A straight-laced German schoolmaster, married with twelve children, finds that his daughter has inherited a house in South America from her aunt, who was banished from the family for her ... See full summary »
Valerie von Martens
Valerie von Martens,
This was the first major German film project released after World War II. People flocked to the very few cinemas in the still mostly ruined cities just to listen to the exuberant orchestral rendition of "Gaudeamus" (Let us rejoice). See more »
A strange movie. Seems like Curt Goetz couldn't quite decide whether to make a comedy or not out of his play because there's a whole lot of melodrama around. In the face of two world wars, Professor Prätorius, a philanthropist and a surgeon, wants to exterminate the one danger to mankind, the microbe of stupidity, as he states in a spontaneous lecture to his male and female students. Later in that speech he utters what great a gift it is to women to have children (enthusiastic acclaim from all listeners). - One of the oddest takes here has Prätorius unnecessarily derobe the corpse of a young woman down to her waist, a seldom-seen example of nudity in early German post-war cinema.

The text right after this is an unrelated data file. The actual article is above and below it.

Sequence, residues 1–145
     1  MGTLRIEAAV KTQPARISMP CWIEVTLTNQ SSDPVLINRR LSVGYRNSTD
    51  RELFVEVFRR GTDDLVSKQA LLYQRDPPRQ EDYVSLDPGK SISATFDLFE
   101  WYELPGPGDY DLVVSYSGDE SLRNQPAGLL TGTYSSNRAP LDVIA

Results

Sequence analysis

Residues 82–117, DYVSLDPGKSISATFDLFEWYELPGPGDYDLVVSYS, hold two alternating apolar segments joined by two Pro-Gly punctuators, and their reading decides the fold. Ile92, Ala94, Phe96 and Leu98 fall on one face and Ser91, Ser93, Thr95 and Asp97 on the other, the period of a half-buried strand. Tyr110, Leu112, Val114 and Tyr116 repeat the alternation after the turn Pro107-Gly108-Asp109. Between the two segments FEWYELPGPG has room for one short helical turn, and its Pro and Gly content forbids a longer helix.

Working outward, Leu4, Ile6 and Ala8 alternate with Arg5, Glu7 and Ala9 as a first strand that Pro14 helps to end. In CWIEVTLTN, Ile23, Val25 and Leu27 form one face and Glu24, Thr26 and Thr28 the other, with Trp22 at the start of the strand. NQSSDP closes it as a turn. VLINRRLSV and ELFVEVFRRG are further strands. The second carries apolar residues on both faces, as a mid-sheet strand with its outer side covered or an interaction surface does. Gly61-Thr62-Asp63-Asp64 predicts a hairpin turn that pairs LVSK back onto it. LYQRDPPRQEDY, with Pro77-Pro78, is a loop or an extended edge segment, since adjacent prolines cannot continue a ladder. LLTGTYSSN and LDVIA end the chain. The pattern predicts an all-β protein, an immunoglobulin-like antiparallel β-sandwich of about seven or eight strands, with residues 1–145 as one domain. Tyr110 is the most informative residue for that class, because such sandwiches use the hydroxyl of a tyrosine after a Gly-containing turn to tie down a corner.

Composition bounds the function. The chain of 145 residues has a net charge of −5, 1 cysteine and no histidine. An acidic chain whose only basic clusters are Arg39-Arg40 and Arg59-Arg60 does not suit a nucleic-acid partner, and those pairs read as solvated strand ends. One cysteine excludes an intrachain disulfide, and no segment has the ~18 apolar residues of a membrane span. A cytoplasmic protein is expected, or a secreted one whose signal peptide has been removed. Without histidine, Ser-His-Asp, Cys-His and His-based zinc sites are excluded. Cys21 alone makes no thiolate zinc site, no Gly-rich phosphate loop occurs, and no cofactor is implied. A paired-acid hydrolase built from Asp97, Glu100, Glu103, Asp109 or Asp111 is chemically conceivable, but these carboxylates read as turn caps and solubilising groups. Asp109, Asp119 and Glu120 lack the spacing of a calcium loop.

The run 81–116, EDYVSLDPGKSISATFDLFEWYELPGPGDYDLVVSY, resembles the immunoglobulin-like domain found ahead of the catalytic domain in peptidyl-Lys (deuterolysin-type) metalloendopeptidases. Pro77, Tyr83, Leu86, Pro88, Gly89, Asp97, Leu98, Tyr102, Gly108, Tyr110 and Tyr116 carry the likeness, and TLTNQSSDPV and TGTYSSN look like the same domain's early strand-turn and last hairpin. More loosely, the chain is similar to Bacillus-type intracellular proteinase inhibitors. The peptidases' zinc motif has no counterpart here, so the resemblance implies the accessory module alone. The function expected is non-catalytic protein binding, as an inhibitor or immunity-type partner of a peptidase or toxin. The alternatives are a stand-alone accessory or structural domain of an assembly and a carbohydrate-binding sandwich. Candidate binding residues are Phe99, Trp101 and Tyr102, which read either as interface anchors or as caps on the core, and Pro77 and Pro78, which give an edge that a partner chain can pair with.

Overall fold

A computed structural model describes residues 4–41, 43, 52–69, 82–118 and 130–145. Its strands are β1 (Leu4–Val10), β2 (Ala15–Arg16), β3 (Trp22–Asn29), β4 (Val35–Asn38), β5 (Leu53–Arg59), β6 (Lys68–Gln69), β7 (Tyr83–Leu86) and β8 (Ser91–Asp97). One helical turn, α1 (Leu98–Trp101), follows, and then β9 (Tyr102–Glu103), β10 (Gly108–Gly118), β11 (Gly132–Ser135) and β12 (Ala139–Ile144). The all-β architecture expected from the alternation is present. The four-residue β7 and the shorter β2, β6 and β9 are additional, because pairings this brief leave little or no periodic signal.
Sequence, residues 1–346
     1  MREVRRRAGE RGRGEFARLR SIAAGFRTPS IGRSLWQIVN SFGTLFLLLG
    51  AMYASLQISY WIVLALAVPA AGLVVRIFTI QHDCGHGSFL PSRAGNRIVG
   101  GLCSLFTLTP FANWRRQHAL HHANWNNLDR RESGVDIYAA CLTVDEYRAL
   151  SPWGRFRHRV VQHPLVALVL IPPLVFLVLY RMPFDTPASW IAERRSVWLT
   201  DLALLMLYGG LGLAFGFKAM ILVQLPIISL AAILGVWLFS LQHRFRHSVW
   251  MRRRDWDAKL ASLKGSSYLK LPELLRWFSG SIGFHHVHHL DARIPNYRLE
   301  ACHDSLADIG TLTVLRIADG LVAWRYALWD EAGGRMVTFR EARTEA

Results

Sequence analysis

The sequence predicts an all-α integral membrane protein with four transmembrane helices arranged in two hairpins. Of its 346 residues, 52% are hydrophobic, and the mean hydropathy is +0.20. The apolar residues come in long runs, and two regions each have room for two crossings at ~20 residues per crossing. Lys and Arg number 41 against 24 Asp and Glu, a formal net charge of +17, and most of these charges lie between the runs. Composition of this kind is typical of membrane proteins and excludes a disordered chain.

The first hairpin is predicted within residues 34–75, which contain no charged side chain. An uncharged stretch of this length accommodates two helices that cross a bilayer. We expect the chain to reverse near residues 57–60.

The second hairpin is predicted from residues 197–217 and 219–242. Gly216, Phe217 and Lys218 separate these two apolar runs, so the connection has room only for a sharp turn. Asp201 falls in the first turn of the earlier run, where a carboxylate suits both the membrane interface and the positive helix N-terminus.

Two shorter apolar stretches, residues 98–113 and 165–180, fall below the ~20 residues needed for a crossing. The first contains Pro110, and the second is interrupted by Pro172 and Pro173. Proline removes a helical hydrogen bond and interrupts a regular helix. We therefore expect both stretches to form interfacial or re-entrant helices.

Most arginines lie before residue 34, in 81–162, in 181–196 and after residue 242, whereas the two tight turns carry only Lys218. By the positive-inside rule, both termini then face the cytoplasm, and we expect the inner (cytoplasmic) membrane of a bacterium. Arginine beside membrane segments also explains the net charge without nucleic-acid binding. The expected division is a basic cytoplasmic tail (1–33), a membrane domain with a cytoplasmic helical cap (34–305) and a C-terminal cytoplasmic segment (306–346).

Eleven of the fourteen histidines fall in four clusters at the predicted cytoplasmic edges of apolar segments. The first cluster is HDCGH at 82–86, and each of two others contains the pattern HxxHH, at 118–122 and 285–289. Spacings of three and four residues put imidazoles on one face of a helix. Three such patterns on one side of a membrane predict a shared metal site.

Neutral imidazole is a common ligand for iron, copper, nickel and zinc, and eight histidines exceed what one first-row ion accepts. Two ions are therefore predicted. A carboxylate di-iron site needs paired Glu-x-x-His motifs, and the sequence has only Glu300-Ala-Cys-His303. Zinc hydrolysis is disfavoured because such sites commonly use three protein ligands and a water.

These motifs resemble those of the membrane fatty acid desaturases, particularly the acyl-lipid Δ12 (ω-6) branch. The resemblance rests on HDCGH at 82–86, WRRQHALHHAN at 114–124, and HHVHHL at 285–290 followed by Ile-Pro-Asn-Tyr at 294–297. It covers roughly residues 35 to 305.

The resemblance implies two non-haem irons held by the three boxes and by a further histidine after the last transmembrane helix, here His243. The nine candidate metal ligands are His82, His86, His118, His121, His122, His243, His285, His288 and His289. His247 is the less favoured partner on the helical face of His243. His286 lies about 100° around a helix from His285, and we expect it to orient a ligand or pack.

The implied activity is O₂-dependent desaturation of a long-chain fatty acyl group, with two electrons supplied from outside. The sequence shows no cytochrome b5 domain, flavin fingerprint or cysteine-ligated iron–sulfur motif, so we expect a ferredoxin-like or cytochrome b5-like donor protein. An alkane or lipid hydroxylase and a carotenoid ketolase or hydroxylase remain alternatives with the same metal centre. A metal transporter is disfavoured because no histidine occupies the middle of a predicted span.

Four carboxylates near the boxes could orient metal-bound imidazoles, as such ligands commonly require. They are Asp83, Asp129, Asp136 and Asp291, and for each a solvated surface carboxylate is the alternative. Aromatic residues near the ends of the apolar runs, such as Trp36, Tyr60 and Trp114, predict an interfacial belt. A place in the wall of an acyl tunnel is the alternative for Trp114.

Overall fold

Story proceeds in the same erratic manner, with rather rare swings to the comic side. The parts with the pregnant woman who attempts suicide and the valet who had been sentenced to death before are not funny at all, but serious to the core. They could, in fact, include some unusual statements on abortion, unmarried motherhood and death penalty but that might just as well be way out of the storyline. There is no nightshift stress or professional errors, on the contrary, Prätorius has time enough to conduct a student orchestra (the conducting scenes unfortunately add some self-admiring pathos).
The sound quality is not so good, due to the pic's 50 years of age, but camera work (Fritz Arno Wagner) is very satisfactory. Bruno Hübner is a sight to see as Shunderson, a rôle which might likewise have been played by Fritz Rasp (as it was in the remake fifteen years later). Valérie von Martens (Goetz' real-life wife) and Erich Ponto give proofs of their versatility. (By the way, that's an uncredited Horst Tappert who hands Martens her purchases in a five-second appearance during the surprise photograph of Hübner.)
We have a lot of learned uprightness in the story of "Frauenarzt", generating with a well-off doctor, paired with some funny ideas, but it leaves you unsatisfied: a strange movie.
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